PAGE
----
London South Bank University (LSBU) student, Emilie Mendy, partnered with the university’s Clarence Centre for Enterprise and Innovation to create her business, Bizzie Bodies, which teaches children languages in a creative way. For Emilie Mendy (BA Arts and Festival Management, 2016), the partnership has been central to achieving her goal of bringing a new kind of language learning and arts experience to London children.
“I’d had the idea of helping children learn French through art workshops for a while. I saw there was no local provision where I was living in south-east London and I knew there were parents who wanted their children to have the chance to learn a language, as well as children who would respond well to a less rigidly academic teaching style. But the parents who could afford to pay and the children who most needed to learn were often in different areas and there was no obvious source of funding. I applied for the degree course at LSBU because it matched my ideas for creative entrepreneurship so closely. But I still wasn’t sure how to take my business idea forward.
“Everything changed in a single day. I was just a few months into the course when my husband nearly lost his job because his van was stolen. This galvanised me, and the very next morning I walked into the Clarence Centre and asked for an appointment. I think they could tell I was a woman on the edge, as they agreed to see me on the spot. From that day I’ve been fully focused on making my business, Bizzie Bodies, work. The Enterprise Team’s support has been incredible – I’ve gone from worrying about how I could afford to set up a PO box to having a desk and access to all the facilities I need to run things. Even more valuable is the help and advice that’s available within the team.
Refining and diversifying
“The team has helped me refine my ideas. For example, I’m now broadening the appeal of our workshops by offering other languages apart from French. I’ve also realised that in tough times I can’t be fully reliant on grants and sponsorship, so I’ve started running paying activities at local events and festivals around London and investing the profits in free workshop activities in areas where there is greatest need. But probably the best thing I’ve gained is access to a network of people with skills and ideas that complement my own.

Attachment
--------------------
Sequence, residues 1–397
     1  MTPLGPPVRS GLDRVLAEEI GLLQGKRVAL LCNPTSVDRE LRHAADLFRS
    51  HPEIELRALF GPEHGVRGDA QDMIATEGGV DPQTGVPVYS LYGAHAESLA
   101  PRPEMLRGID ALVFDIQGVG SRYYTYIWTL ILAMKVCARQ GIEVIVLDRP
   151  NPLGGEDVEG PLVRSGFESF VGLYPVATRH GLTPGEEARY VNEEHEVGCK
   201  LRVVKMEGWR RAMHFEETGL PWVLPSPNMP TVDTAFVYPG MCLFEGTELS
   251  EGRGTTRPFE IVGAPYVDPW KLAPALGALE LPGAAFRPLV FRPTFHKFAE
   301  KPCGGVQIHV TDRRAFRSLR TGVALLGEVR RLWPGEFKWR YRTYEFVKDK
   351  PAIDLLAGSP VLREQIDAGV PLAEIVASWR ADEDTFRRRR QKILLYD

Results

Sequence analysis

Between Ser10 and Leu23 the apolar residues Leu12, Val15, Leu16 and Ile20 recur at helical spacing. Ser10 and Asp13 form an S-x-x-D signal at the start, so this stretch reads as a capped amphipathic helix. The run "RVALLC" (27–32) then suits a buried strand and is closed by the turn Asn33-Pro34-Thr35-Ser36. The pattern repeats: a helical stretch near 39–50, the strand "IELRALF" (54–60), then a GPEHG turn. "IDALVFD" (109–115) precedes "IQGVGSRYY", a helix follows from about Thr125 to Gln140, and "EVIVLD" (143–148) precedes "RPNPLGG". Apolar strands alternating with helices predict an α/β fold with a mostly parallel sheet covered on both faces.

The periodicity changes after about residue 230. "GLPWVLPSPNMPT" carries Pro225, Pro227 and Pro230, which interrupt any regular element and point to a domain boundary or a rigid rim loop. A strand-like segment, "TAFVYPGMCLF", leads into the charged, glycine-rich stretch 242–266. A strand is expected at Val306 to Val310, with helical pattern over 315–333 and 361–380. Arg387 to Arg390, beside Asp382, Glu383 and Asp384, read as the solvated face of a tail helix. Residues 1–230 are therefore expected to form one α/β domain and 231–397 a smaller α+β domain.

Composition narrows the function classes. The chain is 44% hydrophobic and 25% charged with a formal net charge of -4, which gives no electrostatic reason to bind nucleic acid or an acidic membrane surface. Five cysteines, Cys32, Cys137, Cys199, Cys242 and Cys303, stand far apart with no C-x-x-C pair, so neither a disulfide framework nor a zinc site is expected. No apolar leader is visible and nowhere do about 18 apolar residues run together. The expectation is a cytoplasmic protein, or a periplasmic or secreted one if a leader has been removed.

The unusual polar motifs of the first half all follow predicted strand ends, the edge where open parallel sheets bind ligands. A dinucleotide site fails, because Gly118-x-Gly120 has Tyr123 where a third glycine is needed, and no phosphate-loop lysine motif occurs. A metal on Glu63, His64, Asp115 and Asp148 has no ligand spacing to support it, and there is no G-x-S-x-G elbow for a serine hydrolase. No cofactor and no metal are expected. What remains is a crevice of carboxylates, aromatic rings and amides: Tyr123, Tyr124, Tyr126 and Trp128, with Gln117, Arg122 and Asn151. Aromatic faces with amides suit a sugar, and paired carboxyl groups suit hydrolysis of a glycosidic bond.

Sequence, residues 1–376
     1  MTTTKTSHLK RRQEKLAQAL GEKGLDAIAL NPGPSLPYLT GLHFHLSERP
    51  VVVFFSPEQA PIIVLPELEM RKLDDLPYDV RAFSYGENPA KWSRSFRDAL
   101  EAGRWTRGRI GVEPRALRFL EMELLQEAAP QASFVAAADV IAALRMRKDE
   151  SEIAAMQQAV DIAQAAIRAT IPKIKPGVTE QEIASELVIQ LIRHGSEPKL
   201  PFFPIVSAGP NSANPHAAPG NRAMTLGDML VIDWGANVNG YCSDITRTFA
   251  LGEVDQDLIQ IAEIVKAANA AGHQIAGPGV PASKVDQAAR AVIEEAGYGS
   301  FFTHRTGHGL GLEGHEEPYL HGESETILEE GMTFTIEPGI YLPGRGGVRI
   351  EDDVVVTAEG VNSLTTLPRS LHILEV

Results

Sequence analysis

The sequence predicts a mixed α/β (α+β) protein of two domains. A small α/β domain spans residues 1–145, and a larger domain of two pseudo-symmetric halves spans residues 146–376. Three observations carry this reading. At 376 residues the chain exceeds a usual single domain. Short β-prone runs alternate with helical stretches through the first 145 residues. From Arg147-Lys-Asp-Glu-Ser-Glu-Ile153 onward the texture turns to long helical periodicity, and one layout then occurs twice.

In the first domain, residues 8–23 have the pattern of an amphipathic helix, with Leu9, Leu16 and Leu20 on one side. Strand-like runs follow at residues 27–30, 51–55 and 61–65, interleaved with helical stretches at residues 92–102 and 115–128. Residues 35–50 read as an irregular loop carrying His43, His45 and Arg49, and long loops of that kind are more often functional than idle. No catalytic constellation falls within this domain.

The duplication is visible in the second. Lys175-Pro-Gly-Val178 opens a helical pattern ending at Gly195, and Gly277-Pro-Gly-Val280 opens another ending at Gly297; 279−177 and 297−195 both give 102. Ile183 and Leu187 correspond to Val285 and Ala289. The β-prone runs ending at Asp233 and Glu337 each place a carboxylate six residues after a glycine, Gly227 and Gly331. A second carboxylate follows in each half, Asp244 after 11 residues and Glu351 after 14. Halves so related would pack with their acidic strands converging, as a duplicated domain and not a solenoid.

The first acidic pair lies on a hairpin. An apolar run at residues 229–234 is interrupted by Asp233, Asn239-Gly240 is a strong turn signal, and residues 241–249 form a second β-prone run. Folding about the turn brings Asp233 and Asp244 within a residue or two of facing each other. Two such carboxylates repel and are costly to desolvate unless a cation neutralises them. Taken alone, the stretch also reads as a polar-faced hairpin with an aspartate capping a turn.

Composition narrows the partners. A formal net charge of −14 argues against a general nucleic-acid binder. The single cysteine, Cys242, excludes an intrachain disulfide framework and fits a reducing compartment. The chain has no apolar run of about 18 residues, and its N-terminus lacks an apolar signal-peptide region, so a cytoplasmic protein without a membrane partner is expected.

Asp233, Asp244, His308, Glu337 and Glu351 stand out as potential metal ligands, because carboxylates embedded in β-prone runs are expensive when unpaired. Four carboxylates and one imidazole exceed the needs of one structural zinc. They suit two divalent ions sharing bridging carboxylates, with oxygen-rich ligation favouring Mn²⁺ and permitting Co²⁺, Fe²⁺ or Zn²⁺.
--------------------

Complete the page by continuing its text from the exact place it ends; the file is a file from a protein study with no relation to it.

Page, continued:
“Finding funding is a major challenge, and it takes creativity to keep it flowing. I was lucky early on to get grants from United St Saviour’s, UnLtd and Southwark Council. Now I’m planning to apply to the Arts Council and to join London Regeneration’s Crowdfund programme. I always have a funding application on the go, but that’s not enough – you have to adapt to the environment. London is constantly changing and regenerating and that brings challenges and opportunities. At the moment, for example, I’m running workshops sponsored by local businesses from a pop-up shop in Surrey Quays shopping centre. I’m also planning to hold a pop-up gallery of children’s art there at weekends. One of my aims is to set up a more permanent gallery and language learning space where London children can express themselves. It will require serious funding, so I’m working on that one!
“I believe children absorb language best when you give them something interesting to do. Language acquisition should never, ever feel like work. The best kind of learning happens almost without children noticing, while they are busy doing something else. At our workshops we offer really engaging activities focused around say, graffiti, printing or graphic design. An artist who works in that field runs the creative side and I’m hands-on working alongside the children, introducing new vocabulary and structures as they come up naturally, encouraging the children to talk in French about their art and about the choices they make as they work.
“Money isn’t my main motivation – I care about realising my dreams. I’ll feel that I’m successful once my reputation for good work is opening doors, enabling me to expand my business and invest in great projects that help the community.
“I still miss my course. The degree I took was amazing; the university is amazing. It was such a dynamic environment. I particularly enjoyed the way we’d work on real business cases and have talks and input from alumni and entrepreneurs who were having to make decisions and apply them in the real world. I loved that the tutors were always willing to debate with me and help me refine my ideas about what was the best approach for my business.”
Visit LSBU’s website, www.lsbu.ac.uk, to find out more about the IOEE Centre of Excellence.